Saturday: This morning I woke up early and prepared a comfrey and nettle tea, used as foliar feed where comfrey provides potassium and nettle supplies trace minerals. I sprayed everything in the solanaceae family: tomatoes, peppers and eggplants. After spraying I moved into harvesting strawberries, we picked around 80 pints today. I finished up the morning by mulching the walkways between tomato rows with straw.
Monday: This morning was raining and foggy but who can complain when it's a harvest day. A new crop this week is kohlrabi, which I highly recommend to anyone who hasn't been fortunate enough to try it. It is an amazingly crisp and juicy vegetable.
Wednesday: After lunch all of us students, along with Shawn and Janet, went to Ruth Zinniker's farm to press valerian flowers. The juice will be used to make the biodynamic preparation 507. Today also marked the 4th week of our CSA this season and therefore a special thanks is goes out to all of our members for supporting this great season.
Monday: Harvesting in the rain! It was a little wet and cold this morning but still exciting and rewarding. This week for our CSA we still have a lot of greens, but also a few new crops including: Scarlet Queen Turnips, Broccoli, and very colorful Easter Egg Radishes. This morning I harvested romaine lettuce and then I worked on washing and packing the produce for CSA members, cooler sales and a few wholesale orders. After lunch we went to Ruth Zinniker's farm and stuffed yarrow flowers into stag bladders for biodynamic compost preparation 502.
Tuesday: This morning I worked alongside Janet weeding the perennial beds. This was a great way to learn the names of a lot of the perennials here at Stella Gardens. I also planted marigolds, irises and thyme in the areas we removed weeds. In the afternoon I went to Ela Orchard with Bob and we worked on pruning the trees grafted earlier this spring. We also walked the orchard and scouted for pest damage. We checked traps for codling moth and plum curculiomoth, and also looked for signs of black scab on the leaves. After Bob's I used the broad fork to turnover the soil in the two remaining beds in the hoop house.
Wednesday: This afternoon was our weekly CSA pick up here at Stella Gardens. During the pick up i worked on scuffle hoeing the spinach, mustard greens and arugula beds.
Thursday: At one, I went to work with our beekeeping cooperative instructor Dan O'Leary. We inspected the hives at Stella, the North Farm and the Zinniker Farm. The bees are looking great and we have started to add supers to the hives which means one thing... Honey! After beekeeping I started to planet peppers in the hoop house, however our weekly beer brewing session cut my planting time short.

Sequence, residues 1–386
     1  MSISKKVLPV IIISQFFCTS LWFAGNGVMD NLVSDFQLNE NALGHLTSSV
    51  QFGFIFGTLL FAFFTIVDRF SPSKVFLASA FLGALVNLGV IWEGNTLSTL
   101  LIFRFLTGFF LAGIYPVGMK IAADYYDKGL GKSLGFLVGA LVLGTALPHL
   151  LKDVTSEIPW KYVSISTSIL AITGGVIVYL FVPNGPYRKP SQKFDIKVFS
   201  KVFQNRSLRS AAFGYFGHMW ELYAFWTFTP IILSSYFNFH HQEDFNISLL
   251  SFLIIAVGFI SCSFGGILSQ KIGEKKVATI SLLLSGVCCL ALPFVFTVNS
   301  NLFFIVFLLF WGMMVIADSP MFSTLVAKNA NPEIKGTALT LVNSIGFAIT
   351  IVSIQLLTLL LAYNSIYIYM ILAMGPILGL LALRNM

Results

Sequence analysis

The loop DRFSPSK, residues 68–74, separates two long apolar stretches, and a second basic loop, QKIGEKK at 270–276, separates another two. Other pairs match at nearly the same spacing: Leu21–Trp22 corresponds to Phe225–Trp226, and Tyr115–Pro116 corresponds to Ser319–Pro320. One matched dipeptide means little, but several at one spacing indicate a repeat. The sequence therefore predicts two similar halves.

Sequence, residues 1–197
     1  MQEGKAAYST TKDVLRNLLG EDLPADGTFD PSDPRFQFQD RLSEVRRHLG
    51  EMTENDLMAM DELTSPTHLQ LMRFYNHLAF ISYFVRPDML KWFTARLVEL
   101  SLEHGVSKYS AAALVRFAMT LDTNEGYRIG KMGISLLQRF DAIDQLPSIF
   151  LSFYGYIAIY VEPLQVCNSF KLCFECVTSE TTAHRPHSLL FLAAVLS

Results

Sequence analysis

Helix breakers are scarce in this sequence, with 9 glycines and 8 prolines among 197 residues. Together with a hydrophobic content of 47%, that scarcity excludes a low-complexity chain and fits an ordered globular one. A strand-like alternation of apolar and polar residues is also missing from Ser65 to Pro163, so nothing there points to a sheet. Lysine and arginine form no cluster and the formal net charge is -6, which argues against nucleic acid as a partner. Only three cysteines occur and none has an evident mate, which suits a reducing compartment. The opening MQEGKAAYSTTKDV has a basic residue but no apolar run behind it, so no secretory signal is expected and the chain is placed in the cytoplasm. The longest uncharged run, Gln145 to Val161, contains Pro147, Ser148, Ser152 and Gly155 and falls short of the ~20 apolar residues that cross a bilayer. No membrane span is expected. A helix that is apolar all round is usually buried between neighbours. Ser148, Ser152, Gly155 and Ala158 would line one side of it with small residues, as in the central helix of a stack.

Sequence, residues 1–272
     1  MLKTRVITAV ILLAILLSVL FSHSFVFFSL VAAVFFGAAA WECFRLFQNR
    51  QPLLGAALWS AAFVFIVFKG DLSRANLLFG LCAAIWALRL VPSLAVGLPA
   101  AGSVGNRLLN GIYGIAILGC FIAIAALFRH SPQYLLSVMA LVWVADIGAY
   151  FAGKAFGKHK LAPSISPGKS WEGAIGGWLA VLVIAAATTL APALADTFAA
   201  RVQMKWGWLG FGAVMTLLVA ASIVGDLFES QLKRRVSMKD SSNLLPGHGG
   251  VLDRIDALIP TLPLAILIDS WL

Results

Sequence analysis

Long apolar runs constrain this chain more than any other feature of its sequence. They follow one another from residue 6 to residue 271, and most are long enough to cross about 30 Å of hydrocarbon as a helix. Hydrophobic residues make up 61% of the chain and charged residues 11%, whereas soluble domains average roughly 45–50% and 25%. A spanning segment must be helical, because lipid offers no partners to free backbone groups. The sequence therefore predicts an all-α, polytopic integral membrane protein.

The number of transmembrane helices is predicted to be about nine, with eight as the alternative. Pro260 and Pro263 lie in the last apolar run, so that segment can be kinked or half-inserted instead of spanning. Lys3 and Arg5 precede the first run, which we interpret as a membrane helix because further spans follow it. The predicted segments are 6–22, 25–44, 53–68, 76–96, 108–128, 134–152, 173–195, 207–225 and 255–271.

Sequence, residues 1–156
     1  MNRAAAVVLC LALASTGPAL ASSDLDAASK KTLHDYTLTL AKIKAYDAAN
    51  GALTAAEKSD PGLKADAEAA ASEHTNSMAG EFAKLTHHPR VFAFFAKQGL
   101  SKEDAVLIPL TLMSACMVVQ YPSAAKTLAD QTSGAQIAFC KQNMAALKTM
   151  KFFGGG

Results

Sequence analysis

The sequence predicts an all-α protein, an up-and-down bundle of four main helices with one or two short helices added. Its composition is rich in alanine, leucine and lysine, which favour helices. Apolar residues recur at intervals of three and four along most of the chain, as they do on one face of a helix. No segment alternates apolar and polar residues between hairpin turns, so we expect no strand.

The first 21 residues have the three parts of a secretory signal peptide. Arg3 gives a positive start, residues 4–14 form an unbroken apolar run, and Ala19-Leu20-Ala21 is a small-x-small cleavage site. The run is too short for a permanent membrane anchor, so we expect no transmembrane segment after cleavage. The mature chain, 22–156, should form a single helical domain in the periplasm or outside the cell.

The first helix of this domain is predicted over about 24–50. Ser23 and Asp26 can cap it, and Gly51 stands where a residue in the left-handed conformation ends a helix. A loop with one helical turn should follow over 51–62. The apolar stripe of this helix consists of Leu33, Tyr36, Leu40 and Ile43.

Friday: This morning I started out by attaching the plastic mulch layer to the 5320 tractor and driving the tractor to the Creek Field where we are planting pumpkins and winter squash such as butternut and acorn. I then went back to Stella and finished up planting the peppers in the hoop house, the varieties planted include: jalapeno, habanero, serrano, bulgarian, anaheim, poblano, gourmet orange, sweet chocolate, apple, lipstick and ace. In the afternoon our biodynamic lecture series, instructed by Janet, continued with a discussion of the 501 field spray (horn silica). After the lecture Shawn and I worked on harvesting rhubarb, radishes and herbs for weekend cooler sales.
Saturday: Another day of rain forced us to work inside this morning. So instead of planting and weeding, we worked on freezing excess spinach, making hominy and tortillas. After lunch we decided to try our hands at baking and made challah and sticky buns.
Monday: HarvestDay! Today we harvested chard, arugula, garlic chives, thyme, mustard greens, lettuce. hakurei turnips, rhubarb, spinach, salad mix, pac choi, and asparagus. After lunch, Janet and I worked on laying plastic mulch and drip tape in the children's garden, tomatoes go in tomorrow! Shawn and I also used pieces of old drip tape to make straps for rolling up the sides and doors of the hoop house. The day finished with the nice relaxing task of weeding and thinning carrot beds.
Tuesday: This morning we switched chores and my chore is now the cooler inventory and washing of harvest bins and seedling trays. After chores I moved on to start planting tomatoes for my project which is an experiment assessing the effects mycorhizal fungus and tomato plants. After lunch I went to Ela Orchard and helped Bob mulch under the remainder of young apple trees.
Wednesday: This morning I finished off the tomato plants. The varieties that I planted in the field include: Big Beef, San Marzano, Green Zebra, Cherokee Purple, Brandywine, German Johnson, Mennonite Tiffen, Ruth's, Rose De Berne, and Pineapple. I also planted a bed of eggplants, 168 plants to be exact. The varieties include: Nadia, Orient Express and Rosa Bianca. After lunch Mara and I went to beekeeping with Dan O'Leary.
Thursday: In the morning I worked on shaping a bed in the Children's Garden for the next succession on swiss chard. I also roto-tilled the rest of Spin 3 to prepare the beds for my next succession of arugula and the coming planting of beans.
Friday: Today we worked on a harvest to stock the walk in cooler for the weekend and fill some orders We harvested asparagus, spinach, pac choi, rhubarb, green butter head lettuce, . I then moved onto shaping and planting a bed of arugula. I finished the morning by measuring and marking the beds in the hoop house. After lunch all of the students along with Shawn went on a tour of Prairie Dock Farm in Jefferson County.
Saturday: This morning we prepared the raised beds in the hoop house by shaping the beds, laying drip tape and plastic mulch. Next we planted three beds of tomatoes including: Big Beef, Estiva, Martin, Red Pear, Sun Gold, Hillbilly, Striped Roman, Garden Peach, Black Seaman, and Black Plum .